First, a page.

Each module has a batch and incremental implementation, but ClusterValidityIndices.jl does not yet support switching between batch and incremental modes with the same CVI object.

Implemented CVI/ICVIs

This project has implementations of the following CVIs in both batch and incremental variants:

  • CH: Calinski-Harabasz.
  • cSIL: Centroid-based Silhouette.
  • DB: Davies-Bouldin.
  • GD43: Generalized Dunn's Index 43.
  • GD53: Generalized Dunn's Index 53.
  • PS: Partition Separation.
  • rCIP: (Renyi's) representative Cross Information Potential.
  • WB: WB-index.
  • XB: Xie-Beni.

The exported constant CVI_MODULES also contains a list of these CVIs for convenient iteration.


A basic example of the package usage is found in the documentation illustrating top-down usage of the package.

Futhermore, there are a variety of examples in the Examples section of the documentation for a variety of use cases of the project. Each of these is made using the DemoCards.jl package and can be opened, saved, and run as a Julia notebook.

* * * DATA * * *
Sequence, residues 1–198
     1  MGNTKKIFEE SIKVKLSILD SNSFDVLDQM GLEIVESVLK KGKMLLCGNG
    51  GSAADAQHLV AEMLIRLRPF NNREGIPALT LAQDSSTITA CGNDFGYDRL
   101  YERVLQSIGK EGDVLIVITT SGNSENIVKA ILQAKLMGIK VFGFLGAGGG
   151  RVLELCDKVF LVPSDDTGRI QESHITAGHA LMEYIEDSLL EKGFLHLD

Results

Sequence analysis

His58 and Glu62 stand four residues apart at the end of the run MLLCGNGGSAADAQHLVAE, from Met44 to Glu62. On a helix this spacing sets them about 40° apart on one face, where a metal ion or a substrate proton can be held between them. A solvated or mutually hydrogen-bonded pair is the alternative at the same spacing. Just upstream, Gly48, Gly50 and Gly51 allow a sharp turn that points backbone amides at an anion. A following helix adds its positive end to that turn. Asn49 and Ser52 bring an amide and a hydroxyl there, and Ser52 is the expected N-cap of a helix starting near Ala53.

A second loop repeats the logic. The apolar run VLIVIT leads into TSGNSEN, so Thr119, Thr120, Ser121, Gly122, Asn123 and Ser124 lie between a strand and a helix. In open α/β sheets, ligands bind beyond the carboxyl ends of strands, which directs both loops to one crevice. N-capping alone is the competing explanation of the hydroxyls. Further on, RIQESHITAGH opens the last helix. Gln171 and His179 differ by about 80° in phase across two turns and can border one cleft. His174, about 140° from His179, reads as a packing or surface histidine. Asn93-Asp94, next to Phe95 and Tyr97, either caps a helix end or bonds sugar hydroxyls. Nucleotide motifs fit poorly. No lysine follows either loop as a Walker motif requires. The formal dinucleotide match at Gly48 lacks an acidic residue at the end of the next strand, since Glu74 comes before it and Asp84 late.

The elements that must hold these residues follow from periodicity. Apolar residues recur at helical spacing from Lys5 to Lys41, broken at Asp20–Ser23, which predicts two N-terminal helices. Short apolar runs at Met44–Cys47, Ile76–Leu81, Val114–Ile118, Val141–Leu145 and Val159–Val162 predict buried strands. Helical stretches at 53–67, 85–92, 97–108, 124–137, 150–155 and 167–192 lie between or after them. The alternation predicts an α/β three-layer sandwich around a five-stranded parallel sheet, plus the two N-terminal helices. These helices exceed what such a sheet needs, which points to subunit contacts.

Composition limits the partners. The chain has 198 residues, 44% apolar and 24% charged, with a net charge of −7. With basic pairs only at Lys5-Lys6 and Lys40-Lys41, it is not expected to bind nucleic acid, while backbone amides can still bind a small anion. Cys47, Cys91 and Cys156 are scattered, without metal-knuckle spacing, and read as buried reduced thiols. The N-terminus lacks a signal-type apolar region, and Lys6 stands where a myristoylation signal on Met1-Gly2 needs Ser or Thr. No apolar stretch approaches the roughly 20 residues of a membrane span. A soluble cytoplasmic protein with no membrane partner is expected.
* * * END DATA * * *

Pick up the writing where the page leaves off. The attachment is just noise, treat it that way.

If you have a question or concern, please raise an issue. For more details on how to work with the project, propose changes, or even contribute code, please see the Developer Notes in the project's documentation.

In summary:

  1. Questions and requested changes should all be made in the issues page. These are preferred because they are publicly viewable and could assist or educate others with similar issues or questions.
  2. For changes, this project accepts pull requests (PRs) from feature/<my-feature> branches onto the develop branch using the GitFlow methodology. If unit tests pass and the changes are beneficial, these PRs are merged into develop and eventually folded into versioned releases.